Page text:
Introduction of Oodinium and Ich.
The most common diseases that affect marine aquarium fish are caused by Amyloodinium and Cryptocaryon. These diseases are widespread and can cause serious illness and death in aquarium fish if not recognized and treated quickly and properly. Amyloodinium and Cryptocaryon are extremely hardy and can withstand a wide variety of salinity and temperature fluctuations. They can infect any fish at any time, but they appear to be much more of a problem when new fish are brought into an aquarium. As with almost all parasitic infections, most fish can fight off minor infections providing their immune system is strong. Most new fish caught from the wild are stressful in aquarium tanks and their immune systems are not able to fight off minor infections.
Life cycle of Amyloodinium
The life cycle of Amyloodinium is very similar to Cryptocaryon and is composed of multiple stages. The free-swimming organism is called a dinospore. When it attaches to the fish's skin, it is called a trophont. The trophont feeds on the fish for several days and then detaches. Once detached, it is called a tomont. The tomont divides and produces between 64 and 256 motile infective dinospores that attach to the fish and become trophonts starting the life cycle all over again.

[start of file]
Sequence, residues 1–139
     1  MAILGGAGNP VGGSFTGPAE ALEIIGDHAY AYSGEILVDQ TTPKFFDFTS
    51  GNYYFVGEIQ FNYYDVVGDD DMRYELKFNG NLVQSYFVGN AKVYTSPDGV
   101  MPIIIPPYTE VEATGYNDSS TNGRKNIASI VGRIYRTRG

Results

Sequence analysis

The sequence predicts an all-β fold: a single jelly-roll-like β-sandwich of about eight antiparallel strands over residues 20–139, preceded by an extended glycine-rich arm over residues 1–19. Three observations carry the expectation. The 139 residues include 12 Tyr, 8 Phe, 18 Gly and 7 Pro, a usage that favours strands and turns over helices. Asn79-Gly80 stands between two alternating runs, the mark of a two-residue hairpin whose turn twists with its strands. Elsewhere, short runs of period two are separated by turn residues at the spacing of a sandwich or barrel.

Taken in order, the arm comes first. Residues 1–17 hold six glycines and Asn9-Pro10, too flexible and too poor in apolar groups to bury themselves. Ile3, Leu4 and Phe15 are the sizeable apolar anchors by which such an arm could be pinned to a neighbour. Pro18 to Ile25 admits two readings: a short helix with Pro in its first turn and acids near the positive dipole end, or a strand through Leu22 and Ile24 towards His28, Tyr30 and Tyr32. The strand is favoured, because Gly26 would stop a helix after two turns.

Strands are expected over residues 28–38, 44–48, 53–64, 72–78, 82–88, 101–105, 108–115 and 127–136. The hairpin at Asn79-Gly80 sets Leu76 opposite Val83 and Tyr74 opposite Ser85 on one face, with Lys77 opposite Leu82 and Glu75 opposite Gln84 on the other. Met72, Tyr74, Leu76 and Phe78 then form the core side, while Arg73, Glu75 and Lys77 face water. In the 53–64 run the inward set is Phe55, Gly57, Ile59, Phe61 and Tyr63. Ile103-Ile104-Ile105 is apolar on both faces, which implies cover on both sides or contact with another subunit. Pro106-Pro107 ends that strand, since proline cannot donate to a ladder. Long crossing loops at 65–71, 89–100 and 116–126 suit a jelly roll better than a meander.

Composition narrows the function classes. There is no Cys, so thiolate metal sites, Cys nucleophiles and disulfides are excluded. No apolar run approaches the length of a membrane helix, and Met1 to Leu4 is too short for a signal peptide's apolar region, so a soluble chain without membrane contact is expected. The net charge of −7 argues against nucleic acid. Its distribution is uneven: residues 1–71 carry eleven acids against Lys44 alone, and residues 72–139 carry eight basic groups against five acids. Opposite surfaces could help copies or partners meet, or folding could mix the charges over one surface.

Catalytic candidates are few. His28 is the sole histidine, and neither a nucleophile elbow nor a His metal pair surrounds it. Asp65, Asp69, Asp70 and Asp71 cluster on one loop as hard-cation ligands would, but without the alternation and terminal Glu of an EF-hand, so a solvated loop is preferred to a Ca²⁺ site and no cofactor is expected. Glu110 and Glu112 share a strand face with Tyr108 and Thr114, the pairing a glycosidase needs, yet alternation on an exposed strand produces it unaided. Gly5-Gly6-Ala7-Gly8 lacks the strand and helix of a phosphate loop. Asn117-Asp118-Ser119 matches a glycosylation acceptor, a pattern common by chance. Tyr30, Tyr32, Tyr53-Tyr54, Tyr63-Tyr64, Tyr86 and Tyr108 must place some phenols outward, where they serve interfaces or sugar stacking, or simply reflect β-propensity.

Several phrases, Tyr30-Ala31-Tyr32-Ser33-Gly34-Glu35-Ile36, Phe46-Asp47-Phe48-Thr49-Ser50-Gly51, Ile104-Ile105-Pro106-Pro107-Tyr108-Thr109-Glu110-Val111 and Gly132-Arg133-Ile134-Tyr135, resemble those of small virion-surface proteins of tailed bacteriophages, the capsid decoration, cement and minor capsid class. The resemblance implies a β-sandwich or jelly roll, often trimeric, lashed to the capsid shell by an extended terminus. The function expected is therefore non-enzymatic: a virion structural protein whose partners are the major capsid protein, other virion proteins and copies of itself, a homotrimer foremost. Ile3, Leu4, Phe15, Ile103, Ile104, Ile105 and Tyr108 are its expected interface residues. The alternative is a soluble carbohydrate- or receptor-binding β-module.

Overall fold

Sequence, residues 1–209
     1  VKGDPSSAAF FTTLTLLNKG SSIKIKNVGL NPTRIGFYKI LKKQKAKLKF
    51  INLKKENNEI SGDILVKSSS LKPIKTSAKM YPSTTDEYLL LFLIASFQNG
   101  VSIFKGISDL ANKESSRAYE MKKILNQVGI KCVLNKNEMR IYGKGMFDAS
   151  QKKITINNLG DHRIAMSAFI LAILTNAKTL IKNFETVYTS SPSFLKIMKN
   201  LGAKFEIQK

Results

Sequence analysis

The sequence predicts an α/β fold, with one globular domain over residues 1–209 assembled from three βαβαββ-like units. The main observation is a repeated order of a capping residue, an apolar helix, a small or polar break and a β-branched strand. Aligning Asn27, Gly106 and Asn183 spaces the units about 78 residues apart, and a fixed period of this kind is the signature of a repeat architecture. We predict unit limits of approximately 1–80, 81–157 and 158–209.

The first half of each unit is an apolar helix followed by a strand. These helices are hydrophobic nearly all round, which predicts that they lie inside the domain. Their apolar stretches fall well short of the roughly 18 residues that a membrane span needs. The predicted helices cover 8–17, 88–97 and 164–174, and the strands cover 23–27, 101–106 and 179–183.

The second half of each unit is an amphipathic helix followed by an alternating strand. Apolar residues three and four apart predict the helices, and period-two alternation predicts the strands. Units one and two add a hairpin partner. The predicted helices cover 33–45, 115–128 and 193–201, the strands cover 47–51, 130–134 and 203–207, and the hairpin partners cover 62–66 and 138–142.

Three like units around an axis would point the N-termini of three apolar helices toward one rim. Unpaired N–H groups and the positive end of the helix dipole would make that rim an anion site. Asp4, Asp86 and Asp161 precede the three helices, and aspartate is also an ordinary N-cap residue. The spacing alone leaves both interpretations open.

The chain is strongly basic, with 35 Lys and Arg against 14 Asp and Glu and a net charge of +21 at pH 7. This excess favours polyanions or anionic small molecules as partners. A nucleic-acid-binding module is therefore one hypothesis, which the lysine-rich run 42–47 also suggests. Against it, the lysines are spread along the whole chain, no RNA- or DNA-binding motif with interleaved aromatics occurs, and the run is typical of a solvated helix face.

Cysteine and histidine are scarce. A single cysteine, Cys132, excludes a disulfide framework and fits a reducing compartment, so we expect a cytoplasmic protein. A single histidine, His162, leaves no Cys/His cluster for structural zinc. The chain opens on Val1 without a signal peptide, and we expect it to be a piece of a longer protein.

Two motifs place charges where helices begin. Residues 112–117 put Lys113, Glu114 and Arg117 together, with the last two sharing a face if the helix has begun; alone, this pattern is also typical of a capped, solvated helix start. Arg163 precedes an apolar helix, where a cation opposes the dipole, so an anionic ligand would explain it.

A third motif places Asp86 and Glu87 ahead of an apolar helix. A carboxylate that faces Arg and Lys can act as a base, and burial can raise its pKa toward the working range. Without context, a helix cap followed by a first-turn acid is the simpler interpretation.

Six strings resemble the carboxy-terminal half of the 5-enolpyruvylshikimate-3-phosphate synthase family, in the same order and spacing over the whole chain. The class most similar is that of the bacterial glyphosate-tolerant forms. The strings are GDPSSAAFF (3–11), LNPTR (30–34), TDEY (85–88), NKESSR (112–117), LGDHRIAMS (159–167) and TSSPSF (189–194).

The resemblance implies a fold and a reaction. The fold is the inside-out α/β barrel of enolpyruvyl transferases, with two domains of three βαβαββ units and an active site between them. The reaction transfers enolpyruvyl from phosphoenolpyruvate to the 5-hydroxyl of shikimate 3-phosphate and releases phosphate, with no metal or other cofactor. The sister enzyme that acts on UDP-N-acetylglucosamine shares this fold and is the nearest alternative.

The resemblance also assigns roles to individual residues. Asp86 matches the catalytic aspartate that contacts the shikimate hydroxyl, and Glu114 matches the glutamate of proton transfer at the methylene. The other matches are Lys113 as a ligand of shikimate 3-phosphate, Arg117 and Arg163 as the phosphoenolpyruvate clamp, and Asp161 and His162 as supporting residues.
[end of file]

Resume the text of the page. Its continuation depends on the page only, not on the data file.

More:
(A).Trophont on skin of fish
(B)Trophont detaches and becomes a tomont
(D).Tomont releases dinospores that will attach to the fish
Diagnosis is usually made based upon history and symptoms, but scrapings of the skin or white spots on the skin can be performed and the trophonts identified. Other symptoms usually include twitching, flashing, and other signs of stress and irritation. Another technique is to place the infected fish in fresh water for several minutes and the organisms will drop off. The surface water can be poured off and the sediment can be examined microscopically.
Fenner, R.M. The Conscientious Marine Aquarist. TFH Publications. Neptune City, NJ; 2001. Noga, E.J. Fish Disease Diagnosis and Treatment. Iowa State University Press; 2000. Stoskopf, M.K. Fish Medicine. W.B. Saunders Co. Philadelphia, PA; 1993. Tullock, J.H. Natural Reef Aquariums. TFH Publications. Neptune City, NJ; 2001.